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Seven Stories Press

Works of Radical Imagination

Translated from the Polish by Benjamin Paloff

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In a beautifully illustrated story for adults that is playful, philosophical, and with a wink of naughtiness, two characters—the Not-So-Little-Prince and Prickly Pear—consider the nature of happiness while eating confections in a bakery.

Much more than a tale of sweet indulgence, Prince in a Pastry Shop touches on a fundamental question important to us all, from preschooler to pensioner: what does it mean to be happy? Is happiness to be found in the smallest, most visceral of experiences like eating a sugar-dusted donut? Can we truly experience happiness while there is suffering in the world? Is there a great cosmic balance that demands for every happy moment there also be a moment of sorrow? Can we be happy knowing that it’s a fleeting condition? Can we really know and understand happiness while we’re experiencing it?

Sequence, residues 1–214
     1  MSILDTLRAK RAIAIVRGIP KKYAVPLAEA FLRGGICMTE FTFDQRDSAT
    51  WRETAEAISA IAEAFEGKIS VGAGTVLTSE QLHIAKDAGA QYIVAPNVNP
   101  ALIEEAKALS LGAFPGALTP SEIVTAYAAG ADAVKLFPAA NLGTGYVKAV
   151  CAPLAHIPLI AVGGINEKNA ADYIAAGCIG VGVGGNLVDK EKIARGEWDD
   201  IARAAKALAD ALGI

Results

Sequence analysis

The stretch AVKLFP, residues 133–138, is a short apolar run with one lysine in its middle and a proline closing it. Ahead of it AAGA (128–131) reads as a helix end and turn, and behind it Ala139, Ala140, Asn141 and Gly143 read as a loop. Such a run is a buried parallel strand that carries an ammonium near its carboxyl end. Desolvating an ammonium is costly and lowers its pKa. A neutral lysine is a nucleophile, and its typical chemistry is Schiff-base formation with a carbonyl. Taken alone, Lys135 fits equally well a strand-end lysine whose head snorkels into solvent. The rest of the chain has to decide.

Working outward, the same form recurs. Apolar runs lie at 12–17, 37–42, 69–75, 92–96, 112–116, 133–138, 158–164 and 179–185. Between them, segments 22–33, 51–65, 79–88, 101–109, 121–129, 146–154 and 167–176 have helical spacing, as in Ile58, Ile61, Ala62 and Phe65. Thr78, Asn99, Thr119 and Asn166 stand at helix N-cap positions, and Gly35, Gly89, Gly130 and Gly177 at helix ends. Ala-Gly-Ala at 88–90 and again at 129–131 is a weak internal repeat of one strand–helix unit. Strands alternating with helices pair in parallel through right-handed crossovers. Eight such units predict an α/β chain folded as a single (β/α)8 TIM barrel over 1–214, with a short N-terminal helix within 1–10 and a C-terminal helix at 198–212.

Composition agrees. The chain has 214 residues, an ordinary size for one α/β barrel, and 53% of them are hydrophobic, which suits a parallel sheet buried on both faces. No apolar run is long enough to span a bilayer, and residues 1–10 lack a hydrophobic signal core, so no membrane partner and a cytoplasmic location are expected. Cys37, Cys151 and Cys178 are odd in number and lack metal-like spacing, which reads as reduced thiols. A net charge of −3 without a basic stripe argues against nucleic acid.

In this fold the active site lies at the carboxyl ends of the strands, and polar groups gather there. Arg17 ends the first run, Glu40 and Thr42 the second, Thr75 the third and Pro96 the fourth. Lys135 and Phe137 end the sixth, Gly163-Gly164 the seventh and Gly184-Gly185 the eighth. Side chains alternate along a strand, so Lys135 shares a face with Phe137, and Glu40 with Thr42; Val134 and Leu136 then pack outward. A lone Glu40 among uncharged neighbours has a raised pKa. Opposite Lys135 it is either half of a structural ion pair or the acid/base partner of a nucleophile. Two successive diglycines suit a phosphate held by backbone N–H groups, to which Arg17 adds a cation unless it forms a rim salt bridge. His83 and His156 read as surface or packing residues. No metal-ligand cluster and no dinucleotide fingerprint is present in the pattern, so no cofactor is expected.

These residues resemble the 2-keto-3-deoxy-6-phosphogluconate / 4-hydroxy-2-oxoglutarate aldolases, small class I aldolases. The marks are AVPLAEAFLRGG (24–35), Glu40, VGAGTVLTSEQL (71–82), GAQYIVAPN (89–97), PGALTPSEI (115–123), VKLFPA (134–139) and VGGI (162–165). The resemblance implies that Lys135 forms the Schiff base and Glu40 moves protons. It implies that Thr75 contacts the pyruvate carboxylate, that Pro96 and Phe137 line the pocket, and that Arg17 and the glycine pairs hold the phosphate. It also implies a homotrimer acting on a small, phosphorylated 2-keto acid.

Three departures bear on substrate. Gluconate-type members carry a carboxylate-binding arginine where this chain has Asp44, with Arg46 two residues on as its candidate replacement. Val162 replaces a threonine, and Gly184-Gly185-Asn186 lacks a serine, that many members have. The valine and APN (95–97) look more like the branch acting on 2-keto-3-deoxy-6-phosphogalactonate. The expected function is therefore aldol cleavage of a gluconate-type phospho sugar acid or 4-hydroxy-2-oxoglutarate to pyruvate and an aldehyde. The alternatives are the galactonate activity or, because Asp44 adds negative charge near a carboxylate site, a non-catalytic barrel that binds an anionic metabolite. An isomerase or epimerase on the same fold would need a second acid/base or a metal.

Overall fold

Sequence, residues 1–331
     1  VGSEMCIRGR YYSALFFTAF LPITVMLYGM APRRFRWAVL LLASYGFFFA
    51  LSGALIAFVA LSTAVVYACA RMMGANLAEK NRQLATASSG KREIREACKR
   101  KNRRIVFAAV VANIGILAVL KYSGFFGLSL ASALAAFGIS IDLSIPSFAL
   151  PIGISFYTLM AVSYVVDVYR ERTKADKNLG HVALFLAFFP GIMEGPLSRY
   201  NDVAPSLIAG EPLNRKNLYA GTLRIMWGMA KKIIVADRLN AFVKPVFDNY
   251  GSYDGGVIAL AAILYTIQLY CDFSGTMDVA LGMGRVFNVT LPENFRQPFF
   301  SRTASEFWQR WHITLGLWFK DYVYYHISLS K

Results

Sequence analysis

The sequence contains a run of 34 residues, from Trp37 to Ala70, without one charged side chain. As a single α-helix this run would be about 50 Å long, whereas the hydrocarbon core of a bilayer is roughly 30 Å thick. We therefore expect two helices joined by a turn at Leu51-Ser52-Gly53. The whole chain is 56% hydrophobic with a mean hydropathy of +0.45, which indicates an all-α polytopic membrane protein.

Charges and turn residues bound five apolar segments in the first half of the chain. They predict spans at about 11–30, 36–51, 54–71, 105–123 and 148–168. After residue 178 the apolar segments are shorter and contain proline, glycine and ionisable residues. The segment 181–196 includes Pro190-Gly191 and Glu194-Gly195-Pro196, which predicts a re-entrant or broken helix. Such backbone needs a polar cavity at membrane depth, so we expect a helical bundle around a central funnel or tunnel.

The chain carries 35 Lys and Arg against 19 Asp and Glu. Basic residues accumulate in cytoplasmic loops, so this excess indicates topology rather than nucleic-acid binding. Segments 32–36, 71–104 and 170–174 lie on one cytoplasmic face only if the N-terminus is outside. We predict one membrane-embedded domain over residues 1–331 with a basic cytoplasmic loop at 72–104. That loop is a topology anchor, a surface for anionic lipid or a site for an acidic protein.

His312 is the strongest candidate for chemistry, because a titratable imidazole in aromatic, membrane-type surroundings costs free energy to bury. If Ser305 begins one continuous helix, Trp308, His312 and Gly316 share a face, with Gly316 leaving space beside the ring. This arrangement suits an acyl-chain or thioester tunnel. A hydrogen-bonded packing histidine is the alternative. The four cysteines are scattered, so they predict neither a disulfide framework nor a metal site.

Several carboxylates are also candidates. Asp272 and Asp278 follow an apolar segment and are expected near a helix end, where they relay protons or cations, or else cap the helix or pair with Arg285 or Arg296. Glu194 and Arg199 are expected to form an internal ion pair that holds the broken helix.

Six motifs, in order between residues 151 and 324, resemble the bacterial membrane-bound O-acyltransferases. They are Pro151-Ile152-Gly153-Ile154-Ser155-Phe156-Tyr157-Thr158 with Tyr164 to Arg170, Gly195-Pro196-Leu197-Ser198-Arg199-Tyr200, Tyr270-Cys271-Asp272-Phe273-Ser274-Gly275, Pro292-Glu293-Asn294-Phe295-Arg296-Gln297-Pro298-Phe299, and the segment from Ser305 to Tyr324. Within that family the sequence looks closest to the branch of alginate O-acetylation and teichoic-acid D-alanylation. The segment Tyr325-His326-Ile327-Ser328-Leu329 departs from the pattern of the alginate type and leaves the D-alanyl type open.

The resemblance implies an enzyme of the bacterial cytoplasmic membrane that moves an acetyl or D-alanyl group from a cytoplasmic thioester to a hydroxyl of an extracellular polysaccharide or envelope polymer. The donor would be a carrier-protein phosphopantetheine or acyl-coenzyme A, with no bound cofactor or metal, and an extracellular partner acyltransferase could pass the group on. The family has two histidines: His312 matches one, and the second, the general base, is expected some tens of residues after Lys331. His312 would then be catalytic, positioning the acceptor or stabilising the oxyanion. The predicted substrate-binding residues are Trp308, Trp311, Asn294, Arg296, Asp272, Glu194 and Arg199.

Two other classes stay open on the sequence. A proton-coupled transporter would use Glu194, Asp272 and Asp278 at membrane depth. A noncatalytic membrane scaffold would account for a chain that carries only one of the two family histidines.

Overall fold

"Happiness is nothing but trouble,” says the Prince. For Prickly Pear, happiness simply tastes like a cupcake or profiterole.
 
Writer Marek Bieńczyk, the winner of the Nike prize, the most important literature award in Poland, joins with the brilliant Polish illustrator Joanna Concejo whose detailed pencil drawings create a wonderland, where sitting at a café table morphs into a dreamscape with animals, a borderland between waking and dreaming.
 
With a very light touch Prince in a Pastry Shop asks one of the most profound questions of our existence: is it enough to appreciate each moment of sweetness—and at what cost—or must we be active in an unforgiving world to find contentment.


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